Around one-in-four Jersey jobs will be gone by 2035, according to an independent group of Jersey’s largest employers who have set out recommendations for plugging skills gaps in time for that shift.
The Jersey Employer Group has concluded that 27% of all current jobs will radically change or be rendered obsolete in the next 15 years, and made a number of other key findings:
"automation will radically change jobs across all of the island's major industries and so Jersey must take decisive steps to build the skills required for these evolving jobs;
"education will require interventions in the education system. Work is already underway to embed digital skills in the curriculum, but it will be essential to build capabilities and mindsets that support the broader skills identified in the SWP throughout the education lifecycle, including apprenticeships, graduate schemes, and summer internships;
"shared knowledge is already successfully being used to build skills, and Jersey's educational institutions can learn from counterparts in the UK, and tap into their resources and programmes;
"retaining talent will require robust data collection on the students who leave Jersey for higher education - identifying and highlighting the courses that are attracting students from Jersey, will enable those education opportunities to be offered in Jersey, and so encourage them to stay;
"partnerships between Jersey's major employers and education can be built to help develop future-focussed capabilities;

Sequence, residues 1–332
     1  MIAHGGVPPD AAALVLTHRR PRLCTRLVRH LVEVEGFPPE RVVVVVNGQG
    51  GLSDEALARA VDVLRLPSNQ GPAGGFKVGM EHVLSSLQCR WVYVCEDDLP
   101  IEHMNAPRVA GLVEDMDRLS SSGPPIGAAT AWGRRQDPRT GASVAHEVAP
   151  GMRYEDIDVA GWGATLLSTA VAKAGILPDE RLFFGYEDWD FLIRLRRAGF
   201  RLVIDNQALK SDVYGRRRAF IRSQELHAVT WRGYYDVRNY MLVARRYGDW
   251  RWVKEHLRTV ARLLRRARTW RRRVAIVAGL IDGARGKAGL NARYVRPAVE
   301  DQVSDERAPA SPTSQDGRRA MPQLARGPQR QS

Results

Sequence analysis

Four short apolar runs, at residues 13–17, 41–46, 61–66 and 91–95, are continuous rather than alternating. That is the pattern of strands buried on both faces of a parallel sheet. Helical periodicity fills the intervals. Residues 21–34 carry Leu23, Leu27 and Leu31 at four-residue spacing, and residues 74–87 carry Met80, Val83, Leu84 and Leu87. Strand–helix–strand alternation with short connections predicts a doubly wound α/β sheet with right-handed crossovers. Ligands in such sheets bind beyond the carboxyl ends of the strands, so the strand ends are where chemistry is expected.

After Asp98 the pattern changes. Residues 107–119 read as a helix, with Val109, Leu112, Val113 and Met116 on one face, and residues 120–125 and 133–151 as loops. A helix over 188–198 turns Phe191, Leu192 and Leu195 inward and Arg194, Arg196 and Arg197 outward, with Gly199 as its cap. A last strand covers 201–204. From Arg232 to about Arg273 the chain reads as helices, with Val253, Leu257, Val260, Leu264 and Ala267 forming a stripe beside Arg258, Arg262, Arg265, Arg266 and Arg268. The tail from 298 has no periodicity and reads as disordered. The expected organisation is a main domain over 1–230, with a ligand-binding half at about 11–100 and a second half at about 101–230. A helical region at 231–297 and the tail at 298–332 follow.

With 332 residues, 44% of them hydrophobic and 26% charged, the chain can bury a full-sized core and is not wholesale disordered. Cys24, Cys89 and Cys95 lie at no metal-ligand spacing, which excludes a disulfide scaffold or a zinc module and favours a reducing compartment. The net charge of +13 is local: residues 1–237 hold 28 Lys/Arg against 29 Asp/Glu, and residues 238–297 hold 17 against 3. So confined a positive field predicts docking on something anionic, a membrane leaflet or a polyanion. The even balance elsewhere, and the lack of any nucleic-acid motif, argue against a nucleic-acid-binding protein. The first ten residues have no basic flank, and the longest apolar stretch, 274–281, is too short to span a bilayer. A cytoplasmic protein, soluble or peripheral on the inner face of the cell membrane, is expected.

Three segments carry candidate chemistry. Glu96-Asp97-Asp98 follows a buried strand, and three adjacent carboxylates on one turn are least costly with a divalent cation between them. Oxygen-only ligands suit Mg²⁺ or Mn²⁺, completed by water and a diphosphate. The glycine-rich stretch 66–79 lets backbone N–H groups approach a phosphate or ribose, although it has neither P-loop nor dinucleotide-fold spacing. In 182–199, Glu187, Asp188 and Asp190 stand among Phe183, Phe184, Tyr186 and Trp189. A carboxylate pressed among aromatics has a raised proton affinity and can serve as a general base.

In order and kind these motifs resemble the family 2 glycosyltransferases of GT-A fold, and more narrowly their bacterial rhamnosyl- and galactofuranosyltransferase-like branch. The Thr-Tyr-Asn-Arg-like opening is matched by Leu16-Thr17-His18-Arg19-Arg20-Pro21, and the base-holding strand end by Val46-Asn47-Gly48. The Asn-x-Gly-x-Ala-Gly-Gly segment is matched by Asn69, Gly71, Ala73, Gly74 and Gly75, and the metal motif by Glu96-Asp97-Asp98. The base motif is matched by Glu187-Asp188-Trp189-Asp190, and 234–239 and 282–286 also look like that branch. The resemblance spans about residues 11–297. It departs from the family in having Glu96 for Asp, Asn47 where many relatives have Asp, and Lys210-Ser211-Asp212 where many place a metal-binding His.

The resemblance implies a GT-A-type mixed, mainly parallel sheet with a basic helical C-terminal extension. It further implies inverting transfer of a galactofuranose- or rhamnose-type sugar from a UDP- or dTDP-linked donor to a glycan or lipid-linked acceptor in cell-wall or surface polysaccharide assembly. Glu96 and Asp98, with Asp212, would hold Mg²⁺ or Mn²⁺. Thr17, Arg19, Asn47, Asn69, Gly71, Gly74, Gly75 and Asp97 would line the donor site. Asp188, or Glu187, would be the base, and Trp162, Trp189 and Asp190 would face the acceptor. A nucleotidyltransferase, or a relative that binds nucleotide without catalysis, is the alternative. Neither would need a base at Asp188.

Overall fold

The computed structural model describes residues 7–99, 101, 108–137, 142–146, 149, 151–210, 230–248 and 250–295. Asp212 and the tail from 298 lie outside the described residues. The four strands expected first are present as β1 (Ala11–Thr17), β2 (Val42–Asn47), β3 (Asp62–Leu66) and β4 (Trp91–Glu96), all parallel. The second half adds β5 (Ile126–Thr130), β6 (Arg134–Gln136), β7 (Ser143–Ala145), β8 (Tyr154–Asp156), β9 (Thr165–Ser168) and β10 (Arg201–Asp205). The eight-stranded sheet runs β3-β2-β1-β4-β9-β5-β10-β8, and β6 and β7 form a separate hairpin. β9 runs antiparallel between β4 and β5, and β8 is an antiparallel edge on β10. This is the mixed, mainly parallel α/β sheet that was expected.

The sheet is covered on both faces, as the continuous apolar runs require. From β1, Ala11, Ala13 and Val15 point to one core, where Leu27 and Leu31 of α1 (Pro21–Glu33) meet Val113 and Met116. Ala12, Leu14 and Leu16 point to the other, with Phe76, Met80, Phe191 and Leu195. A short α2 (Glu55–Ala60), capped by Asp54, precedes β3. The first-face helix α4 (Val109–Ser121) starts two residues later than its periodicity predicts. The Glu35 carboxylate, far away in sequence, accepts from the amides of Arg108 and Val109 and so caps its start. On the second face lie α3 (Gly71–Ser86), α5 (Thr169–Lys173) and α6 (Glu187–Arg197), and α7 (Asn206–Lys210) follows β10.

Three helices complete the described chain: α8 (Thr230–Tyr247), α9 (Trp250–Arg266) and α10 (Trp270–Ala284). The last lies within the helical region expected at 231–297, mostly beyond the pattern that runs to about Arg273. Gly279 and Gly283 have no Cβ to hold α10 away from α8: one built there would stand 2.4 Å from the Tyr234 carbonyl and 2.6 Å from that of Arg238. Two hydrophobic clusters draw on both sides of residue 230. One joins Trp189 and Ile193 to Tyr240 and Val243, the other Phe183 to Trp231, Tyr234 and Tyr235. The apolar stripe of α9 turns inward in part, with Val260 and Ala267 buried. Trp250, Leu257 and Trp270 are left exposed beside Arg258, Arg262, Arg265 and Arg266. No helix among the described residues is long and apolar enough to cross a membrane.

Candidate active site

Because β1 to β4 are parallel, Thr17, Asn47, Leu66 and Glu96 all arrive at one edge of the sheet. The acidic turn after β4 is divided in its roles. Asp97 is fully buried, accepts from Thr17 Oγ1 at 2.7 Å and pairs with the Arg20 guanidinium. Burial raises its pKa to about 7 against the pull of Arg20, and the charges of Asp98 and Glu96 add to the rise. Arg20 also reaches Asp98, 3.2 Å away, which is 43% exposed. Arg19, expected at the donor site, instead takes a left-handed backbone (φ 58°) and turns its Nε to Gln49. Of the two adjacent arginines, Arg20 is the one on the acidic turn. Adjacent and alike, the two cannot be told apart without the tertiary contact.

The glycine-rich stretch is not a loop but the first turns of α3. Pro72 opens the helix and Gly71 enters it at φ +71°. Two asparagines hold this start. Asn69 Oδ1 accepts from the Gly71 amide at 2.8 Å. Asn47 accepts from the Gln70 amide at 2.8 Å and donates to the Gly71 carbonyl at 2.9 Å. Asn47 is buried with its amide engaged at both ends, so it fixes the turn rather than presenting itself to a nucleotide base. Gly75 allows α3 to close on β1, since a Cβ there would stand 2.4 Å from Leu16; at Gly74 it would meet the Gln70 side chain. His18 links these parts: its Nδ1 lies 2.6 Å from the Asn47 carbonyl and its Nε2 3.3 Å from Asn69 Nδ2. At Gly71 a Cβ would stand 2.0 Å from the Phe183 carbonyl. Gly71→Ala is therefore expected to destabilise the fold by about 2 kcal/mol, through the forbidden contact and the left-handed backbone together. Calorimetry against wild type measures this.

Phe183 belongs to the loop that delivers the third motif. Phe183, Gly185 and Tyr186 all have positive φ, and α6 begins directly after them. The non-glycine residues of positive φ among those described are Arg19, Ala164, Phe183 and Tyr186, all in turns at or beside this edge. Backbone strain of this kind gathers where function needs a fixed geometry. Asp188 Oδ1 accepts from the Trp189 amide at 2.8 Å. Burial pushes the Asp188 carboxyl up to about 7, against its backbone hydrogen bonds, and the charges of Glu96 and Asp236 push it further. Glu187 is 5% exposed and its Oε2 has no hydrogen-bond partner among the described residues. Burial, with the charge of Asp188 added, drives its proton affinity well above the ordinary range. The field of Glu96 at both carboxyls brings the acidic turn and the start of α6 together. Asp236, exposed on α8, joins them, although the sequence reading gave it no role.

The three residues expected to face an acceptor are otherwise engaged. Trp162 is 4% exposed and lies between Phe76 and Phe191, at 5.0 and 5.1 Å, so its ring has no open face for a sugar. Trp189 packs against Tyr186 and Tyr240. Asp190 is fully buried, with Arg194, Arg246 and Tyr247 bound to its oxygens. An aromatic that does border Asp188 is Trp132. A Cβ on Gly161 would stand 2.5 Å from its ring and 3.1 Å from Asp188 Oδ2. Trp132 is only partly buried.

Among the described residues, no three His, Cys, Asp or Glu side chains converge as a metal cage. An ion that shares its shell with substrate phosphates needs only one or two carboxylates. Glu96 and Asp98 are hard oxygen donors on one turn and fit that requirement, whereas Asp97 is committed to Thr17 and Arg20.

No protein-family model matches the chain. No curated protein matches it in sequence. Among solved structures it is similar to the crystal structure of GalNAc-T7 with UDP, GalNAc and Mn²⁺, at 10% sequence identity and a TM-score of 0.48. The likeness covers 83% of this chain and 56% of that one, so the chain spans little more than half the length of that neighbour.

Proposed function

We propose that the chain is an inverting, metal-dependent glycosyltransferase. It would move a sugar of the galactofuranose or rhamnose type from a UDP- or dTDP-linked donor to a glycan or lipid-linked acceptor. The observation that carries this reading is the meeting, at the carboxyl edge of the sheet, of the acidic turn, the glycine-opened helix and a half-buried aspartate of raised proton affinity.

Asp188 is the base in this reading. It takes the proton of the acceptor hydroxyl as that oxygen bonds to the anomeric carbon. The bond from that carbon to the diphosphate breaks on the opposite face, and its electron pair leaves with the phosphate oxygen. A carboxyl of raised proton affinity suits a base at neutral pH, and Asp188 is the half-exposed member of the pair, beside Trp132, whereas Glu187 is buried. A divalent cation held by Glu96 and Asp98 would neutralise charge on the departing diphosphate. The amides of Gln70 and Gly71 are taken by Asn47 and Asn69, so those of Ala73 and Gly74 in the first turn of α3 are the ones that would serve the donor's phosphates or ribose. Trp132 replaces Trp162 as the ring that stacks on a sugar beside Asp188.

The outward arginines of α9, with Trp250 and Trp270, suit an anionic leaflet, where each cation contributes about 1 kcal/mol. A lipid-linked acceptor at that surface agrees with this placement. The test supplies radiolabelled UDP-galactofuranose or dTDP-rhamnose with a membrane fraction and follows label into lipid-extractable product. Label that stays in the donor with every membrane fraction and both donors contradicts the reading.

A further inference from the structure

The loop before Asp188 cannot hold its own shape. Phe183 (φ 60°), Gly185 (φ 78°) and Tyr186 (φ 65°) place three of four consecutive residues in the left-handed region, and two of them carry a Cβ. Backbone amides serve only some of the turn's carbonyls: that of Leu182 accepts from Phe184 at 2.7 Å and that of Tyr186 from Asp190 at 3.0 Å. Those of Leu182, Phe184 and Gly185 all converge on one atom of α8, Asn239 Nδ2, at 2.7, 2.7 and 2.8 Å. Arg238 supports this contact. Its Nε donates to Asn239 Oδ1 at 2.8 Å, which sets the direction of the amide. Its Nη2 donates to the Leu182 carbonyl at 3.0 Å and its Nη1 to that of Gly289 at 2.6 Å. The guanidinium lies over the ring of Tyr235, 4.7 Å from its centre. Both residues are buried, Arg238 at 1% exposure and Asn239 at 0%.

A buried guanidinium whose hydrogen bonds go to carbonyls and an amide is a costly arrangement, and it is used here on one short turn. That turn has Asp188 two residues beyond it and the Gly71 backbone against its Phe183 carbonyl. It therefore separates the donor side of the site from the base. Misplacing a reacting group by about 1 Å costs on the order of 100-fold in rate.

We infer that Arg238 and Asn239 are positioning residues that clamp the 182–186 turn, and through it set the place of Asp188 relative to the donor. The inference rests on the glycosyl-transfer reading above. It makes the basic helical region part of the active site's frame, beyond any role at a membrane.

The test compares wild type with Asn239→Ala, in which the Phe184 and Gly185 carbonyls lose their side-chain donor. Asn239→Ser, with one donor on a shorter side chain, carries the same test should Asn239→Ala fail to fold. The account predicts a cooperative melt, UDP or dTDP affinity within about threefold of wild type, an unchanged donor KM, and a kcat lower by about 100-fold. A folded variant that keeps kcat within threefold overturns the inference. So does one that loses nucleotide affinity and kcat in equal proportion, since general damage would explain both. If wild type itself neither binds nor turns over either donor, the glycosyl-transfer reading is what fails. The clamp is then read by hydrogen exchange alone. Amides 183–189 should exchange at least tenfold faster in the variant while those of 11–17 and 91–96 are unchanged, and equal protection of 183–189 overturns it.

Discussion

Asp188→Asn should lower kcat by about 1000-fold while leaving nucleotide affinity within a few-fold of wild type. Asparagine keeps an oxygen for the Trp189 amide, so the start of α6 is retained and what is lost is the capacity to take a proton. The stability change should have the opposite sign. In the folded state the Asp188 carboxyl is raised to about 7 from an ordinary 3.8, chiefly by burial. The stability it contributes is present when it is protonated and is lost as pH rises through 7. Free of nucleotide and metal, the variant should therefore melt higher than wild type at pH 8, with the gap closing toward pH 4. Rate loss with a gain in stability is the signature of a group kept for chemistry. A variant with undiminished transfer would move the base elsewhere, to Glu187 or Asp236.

"coaching and mentoring by pairing students with senior colleagues from across Jersey's main industries. This will help them remain connected to a specific industry and the island when they leave Jersey for UK universities;
"and cross-industry mentoring programmes or secondments will build skills that are stronger in some industries and need to be developed in others - it will also encourage greater career mobility and development of transferrable skills. Each industry can provide alternative career paths by educating colleagues how their skills can be transferred from one industry to another."
To address the change, JEG are recommending a two-phased approach, which is set out in their ‘Strategic Workforce Plan’.
The plan recommends that critical skills are bought in from other jurisdictions in the short-term, and education and partnerships are used to develop skills and nurture Jersey talent in the longer-term. JEG encourages Government to factor the recommendations into immigration and education policies.
They have now come up with three 'workstreams', which they pledge will turn into concrete actions at a later stage, based around education, coaching and mentoring future talent, and fostering diversity and inclusion.
David Bailey, co-chair of the Jersey Employer Group said: “Our Strategic Workforce Plan provides an excellent foundation, and our workstreams provide the actions needed to implement its short and longer-term recommendations.
"We want to ensure that Jersey as a workplace offers the right career pathways and opportunities for current and future employees based on employer needs, and our group provides an ideal forum or ‘the voice of the employer’ to collaborate and implement change.”
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